[Note: This was cross-posted October 1, 2014 by the National Committee for Responsive Philanthropy.]
Arthur Schopenhauer said, “All truth passes through three stages. First, it is ridiculed. Second, it is violently opposed. Third, it is accepted as being self-evident.”
I’m no expert on German philosophers, but Schopenhauer really nails it. Just think of the cause of marriage equality, which has followed exactly that course, passing from ridicule to violent opposition to acceptance as self-evident over the course of the last twenty years.
The effort to reform donor-advised funds (DAFs) does not have nearly the societal ramifications of the marriage equality issue. That said, donor-advised fund reform is an enormously important issue for American philanthropy, and when viewed through a Schopenhauerian lens, the effort has recently transitioned into the second phase of truth: violent opposition.
A little background: Donor-advised funds have seen tremendous growth in recent years, with donations to DAFs rising 105% over the last four years. DAFs are a you-can-have-your-cake-and-eat-it-too philanthropic vehicle. Donors get a full charitable deduction when they make a donation to their fund, but they retain the right to say how the funds should be distributed to charitable causes in the years that follow. But no money needs to go out the door to actual operating charities in the year of the gift, or ever. Instead the funds can remain invested in accounts at the sponsoring organizations, which range from community foundations to religious federations to, most recently, entities created by Fidelity, Schwab, Vanguard and other financial services firms.
Why is this a problem? Well, the federal government subsidizes donations to nonprofits through the charitable income tax deduction. The notion behind the charitable deduction is that these donations are for the public good. It’s easy to understand how a gift to a food pantry is for the public good. But it’s hard to understand how a gift to Fidelity Charitable is for the public good. After all, why should a donor get a charitable deduction in 2014 for money that won’t go out to charitable purposes for years – and perhaps not ever?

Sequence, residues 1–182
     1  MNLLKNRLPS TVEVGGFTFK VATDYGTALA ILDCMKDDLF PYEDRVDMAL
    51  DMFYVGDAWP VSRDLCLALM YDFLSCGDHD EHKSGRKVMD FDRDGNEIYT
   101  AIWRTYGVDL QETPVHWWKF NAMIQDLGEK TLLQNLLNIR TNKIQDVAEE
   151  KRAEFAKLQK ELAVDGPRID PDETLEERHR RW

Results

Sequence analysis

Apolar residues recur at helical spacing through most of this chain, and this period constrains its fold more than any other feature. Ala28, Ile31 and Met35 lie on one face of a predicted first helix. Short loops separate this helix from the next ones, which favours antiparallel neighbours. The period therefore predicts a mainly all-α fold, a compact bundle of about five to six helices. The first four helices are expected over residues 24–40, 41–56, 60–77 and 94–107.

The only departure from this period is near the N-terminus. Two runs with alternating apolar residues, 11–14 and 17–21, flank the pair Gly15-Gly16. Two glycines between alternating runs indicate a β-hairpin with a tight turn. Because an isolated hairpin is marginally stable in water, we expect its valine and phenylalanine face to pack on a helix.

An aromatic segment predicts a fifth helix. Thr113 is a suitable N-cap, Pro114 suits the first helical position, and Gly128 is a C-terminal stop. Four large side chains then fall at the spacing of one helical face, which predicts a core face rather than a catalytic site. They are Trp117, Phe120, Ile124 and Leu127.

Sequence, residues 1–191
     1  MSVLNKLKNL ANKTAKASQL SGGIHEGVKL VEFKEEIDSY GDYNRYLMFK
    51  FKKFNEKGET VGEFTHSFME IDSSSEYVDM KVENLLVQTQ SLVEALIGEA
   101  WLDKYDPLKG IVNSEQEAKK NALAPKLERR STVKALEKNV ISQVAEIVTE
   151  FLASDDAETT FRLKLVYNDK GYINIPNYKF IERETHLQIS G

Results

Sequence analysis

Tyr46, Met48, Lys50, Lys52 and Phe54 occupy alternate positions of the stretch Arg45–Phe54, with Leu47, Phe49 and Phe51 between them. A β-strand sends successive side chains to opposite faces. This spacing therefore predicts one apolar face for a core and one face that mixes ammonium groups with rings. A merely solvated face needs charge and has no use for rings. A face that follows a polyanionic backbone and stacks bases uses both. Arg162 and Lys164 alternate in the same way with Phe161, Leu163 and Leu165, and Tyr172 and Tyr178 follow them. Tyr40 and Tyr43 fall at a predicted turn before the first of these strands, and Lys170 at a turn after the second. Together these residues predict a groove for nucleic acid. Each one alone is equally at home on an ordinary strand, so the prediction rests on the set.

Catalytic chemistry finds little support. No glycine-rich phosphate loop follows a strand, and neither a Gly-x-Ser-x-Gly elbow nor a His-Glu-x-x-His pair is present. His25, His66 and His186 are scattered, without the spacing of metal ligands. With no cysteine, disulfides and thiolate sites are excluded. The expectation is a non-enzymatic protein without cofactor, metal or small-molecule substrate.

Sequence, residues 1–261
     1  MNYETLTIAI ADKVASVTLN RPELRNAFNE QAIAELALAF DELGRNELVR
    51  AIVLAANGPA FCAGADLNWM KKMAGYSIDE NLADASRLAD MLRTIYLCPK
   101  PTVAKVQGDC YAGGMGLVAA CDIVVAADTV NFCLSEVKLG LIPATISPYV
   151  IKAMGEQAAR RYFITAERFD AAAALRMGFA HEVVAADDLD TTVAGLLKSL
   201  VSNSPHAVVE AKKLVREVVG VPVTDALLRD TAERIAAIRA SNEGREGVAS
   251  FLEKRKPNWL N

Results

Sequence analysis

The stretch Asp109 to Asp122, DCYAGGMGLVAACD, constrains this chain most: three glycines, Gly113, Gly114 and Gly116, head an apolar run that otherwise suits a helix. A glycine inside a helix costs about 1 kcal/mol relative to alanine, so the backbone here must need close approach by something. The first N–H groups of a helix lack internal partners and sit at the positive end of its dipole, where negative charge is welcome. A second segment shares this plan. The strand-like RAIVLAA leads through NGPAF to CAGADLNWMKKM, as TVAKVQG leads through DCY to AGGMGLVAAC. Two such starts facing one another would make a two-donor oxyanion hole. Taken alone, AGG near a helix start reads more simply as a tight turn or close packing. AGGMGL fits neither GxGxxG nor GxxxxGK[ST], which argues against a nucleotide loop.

I can hear my friends in the donor-advised fund industry (and I do still have some, which is a tribute to their patience) howl as they read this. “But it is for charity!” they attest. To which I answer: but charitable distributions are not required. Until the money is granted from the DAF to operating charities, the funds are simply invested in the markets, making money for Wall Street and doing nothing for society.
Consequently, I support the proposal by Ray Madoff, professor at Boston College Law School, that money contributed to donor-advised funds needs to be distributed to charity within seven years. That seems like a common sense reform. People who are in a position to make a big gift in 2014 – say, if they sell a business and have lots of capital gain and tax liability – can put money in their donor-advised fund right away and then have until 2020 to get that money out to homeless shelters, youth programs, schools, museums, and other charities.
When Madoff and I were two of the very few people in the country who were advocating for this required spend-down, we were gently ridiculed. “Unnecessary,” one person told me. “What exactly is the problem you’re trying to solve?” Our views were dismissed as fringe and unimportant.